It’s 2017: If your small business doesn’t have a website, it may as well not exist. It’s common knowledge at this point that one of the first steps in establishing yourself in your field is to secure a website. But what comes next?
You need more than just a blank page with your company name on it. What should a small business website offer to provide visitors and business owners with the most value?
There are some basics that even the most traditional folks can agree on: A website should function the same way a Yellow Pages listing did back in the day. It must have basic information about your business, including the name, business hours (if applicable), and contact information such as an email address, social media handle, and/or phone number.
But as anyone with a smartphone or tablet or even basic PC setup can tell you, websites offer so much more than the basics now. But not every option is logistically feasible or financially productive for a small business website to use—meaning, what’s good for the Amazon or Best Buy site might not work for a home-based business.
So what do small business websites generally offer? For that we turn to the 2017 Wasp Barcode State of Small Business Report, which has a section on digital marketing.
First, it should be noted that the number one marketing tool, cited by more than 1,100 small business owners and industry leaders polled for the report, is the website. Other tools include email, social media, word-of-mouth referrals, and even printed promotional materials—but the website is king.
Assuming you have a website, there are three things that at least 50 percent of respondents said their site offers visitors:
The first two are obvious, as we mentioned above. The third shows an understanding of what consumers expect in a website: a way to complain, or otherwise voice their concerns, issues, or even express happiness with their product or service. Not giving customers an outlet to report back on their experiences is problematic in the internet era—because if they can’t get their issues resolved by going directly to the company, they’ll use social media, review sites, and other outlets to air their grievances.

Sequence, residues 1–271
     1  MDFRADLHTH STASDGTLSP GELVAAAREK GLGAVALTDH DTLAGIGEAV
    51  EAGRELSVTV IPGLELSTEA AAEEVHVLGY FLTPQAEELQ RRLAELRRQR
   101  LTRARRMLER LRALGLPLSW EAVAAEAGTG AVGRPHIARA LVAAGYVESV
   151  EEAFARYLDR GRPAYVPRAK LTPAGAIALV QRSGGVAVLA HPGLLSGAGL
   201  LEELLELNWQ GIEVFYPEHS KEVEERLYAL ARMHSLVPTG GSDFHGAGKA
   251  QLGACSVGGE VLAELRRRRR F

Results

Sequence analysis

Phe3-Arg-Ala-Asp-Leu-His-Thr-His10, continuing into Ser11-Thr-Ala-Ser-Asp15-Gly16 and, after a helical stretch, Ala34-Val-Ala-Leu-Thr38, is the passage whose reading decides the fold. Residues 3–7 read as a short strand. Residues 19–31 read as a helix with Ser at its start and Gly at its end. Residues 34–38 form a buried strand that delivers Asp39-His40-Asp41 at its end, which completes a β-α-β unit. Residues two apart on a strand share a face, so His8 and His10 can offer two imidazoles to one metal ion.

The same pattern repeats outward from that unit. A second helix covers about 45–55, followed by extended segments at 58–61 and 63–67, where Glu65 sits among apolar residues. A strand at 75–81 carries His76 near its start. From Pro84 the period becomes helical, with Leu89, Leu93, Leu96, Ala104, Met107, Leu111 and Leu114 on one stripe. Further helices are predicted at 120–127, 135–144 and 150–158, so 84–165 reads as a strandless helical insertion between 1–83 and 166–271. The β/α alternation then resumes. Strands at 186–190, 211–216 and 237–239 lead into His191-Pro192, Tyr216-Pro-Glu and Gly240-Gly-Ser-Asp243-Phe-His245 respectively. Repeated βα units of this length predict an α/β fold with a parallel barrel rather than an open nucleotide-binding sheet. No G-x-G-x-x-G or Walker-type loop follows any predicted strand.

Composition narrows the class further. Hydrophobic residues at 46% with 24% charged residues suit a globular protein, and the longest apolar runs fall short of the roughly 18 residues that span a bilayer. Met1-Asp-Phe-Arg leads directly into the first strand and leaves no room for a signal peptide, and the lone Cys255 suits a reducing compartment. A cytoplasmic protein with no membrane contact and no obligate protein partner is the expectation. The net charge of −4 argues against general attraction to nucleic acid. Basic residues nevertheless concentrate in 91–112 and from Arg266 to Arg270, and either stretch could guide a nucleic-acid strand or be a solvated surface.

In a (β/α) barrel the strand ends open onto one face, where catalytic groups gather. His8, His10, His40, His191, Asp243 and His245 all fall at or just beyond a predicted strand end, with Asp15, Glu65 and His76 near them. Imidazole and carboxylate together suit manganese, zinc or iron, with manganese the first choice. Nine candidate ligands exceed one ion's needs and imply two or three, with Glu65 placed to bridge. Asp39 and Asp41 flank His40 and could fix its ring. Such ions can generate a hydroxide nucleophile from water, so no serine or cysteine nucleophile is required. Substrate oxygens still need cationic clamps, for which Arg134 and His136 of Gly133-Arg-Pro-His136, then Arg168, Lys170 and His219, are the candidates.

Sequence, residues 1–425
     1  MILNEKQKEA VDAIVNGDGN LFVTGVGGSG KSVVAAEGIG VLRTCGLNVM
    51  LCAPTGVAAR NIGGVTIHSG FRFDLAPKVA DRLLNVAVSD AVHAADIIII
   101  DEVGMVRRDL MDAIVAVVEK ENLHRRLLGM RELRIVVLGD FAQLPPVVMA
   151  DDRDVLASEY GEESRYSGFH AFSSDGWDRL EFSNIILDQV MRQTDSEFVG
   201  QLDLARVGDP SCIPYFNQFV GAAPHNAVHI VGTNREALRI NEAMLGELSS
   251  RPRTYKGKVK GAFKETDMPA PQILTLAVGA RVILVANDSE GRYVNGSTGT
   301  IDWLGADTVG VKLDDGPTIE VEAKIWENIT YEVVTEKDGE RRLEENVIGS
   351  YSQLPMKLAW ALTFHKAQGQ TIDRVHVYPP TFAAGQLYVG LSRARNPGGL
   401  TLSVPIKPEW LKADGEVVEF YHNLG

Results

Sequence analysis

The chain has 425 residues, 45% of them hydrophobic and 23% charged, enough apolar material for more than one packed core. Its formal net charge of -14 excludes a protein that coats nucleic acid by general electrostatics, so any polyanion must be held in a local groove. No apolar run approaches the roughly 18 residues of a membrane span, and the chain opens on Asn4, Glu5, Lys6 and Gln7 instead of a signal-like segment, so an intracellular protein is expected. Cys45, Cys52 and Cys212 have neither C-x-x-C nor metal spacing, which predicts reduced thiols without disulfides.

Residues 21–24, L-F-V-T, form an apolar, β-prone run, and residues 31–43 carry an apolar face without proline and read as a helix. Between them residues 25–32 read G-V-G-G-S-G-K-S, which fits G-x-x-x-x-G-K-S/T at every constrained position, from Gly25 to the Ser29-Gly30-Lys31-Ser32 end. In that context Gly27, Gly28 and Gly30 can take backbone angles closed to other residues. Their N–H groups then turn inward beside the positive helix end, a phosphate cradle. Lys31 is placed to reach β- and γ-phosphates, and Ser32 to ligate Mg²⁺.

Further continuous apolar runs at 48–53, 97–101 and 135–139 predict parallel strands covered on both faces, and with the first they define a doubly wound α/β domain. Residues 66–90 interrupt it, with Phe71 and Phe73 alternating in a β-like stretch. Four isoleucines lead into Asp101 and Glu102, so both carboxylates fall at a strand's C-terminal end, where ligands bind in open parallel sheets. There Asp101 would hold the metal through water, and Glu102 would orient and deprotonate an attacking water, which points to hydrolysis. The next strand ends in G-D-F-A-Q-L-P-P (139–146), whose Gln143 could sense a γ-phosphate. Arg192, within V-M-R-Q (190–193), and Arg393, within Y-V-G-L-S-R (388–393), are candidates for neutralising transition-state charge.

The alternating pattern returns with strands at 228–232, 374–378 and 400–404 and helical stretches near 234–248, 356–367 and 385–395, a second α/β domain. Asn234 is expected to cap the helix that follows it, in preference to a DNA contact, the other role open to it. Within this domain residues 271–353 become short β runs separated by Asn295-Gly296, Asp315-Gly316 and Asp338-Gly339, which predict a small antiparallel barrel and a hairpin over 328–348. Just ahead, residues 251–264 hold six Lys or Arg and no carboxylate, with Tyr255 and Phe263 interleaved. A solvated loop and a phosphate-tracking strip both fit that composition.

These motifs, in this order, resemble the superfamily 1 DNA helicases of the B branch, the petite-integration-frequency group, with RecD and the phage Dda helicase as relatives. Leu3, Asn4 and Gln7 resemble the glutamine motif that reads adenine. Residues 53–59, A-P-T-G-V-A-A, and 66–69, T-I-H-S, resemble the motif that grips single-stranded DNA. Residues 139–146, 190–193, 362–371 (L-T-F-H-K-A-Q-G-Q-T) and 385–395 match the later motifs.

In addition to the basics, the following responses were given by at least a quarter of all the respondents:
These are what you might call more advanced tactics. Giving visitors the option to watch videos, learn about employees, or read the company blog has two major benefits: One, it creates opportunities to bond with customers, giving them a personal investment in the state of the company; two, it increases the “time on site” (TOS) and click-through rate, both of which have a positive effect on the search engine ranking of the company page.
Additionally, adding the means to either buy products or register for appointments or events is a great way of letting business come to you. Brick-and-mortar stores with no e-commerce component can only conduct sales or make appointments that lead to future sales during regular business hours and with locals, but having an online store means you’re open 24/7, and your customer base is suddenly only limited by where you can ship (and third-party companies exist to help facilitate e-commerce and shipping, if you don’t want to handle it).
Finally, the apply for the job option is another way of being passively active. You aren’t limited to receiving applications and resumes during business hours only—and you can widen your net of potential applicants greatly as well.
To round things out, here are the rest of the responses:
Why a small business would create a website and then not provide any options or services for visitors is a bit perplexing—it may be more counterproductive than having no site at all. While an air of mystery might lend itself to a movie plot, it’s simply not recommended when running a business. You want customers to know they can trust your brand, and you impart that trust by providing information, value, and service.
If your small business website has all of these options and you’re looking for still more ways to add value to your page, consider these ideas, which can contribute to increased TOS, customer retention, bigger emotional impact, and more (via Wasp Barcode):
If you don’t think a website is that important to the success of your small business, hey, it’s your business—you do what you want. But for those that recognize that we are entering a digital age, where the vast majority of people (as much as 97 percent) look to the internet in some form or fashion before buying an item or visiting a store, it’s time to provide as much value online as you do off.
Start stocking your page with these options and see the kind of return you get.
The post Why Every Small Business Needs a Website: Your Company’s Most Valuable Marketing Tool appeared first on AllBusiness.com
The post Why Every Small Business Needs a Website: Your Company’s Most Valuable Marketing Tool appeared first on AllBusiness.com. Click for more information about Brian Sutter.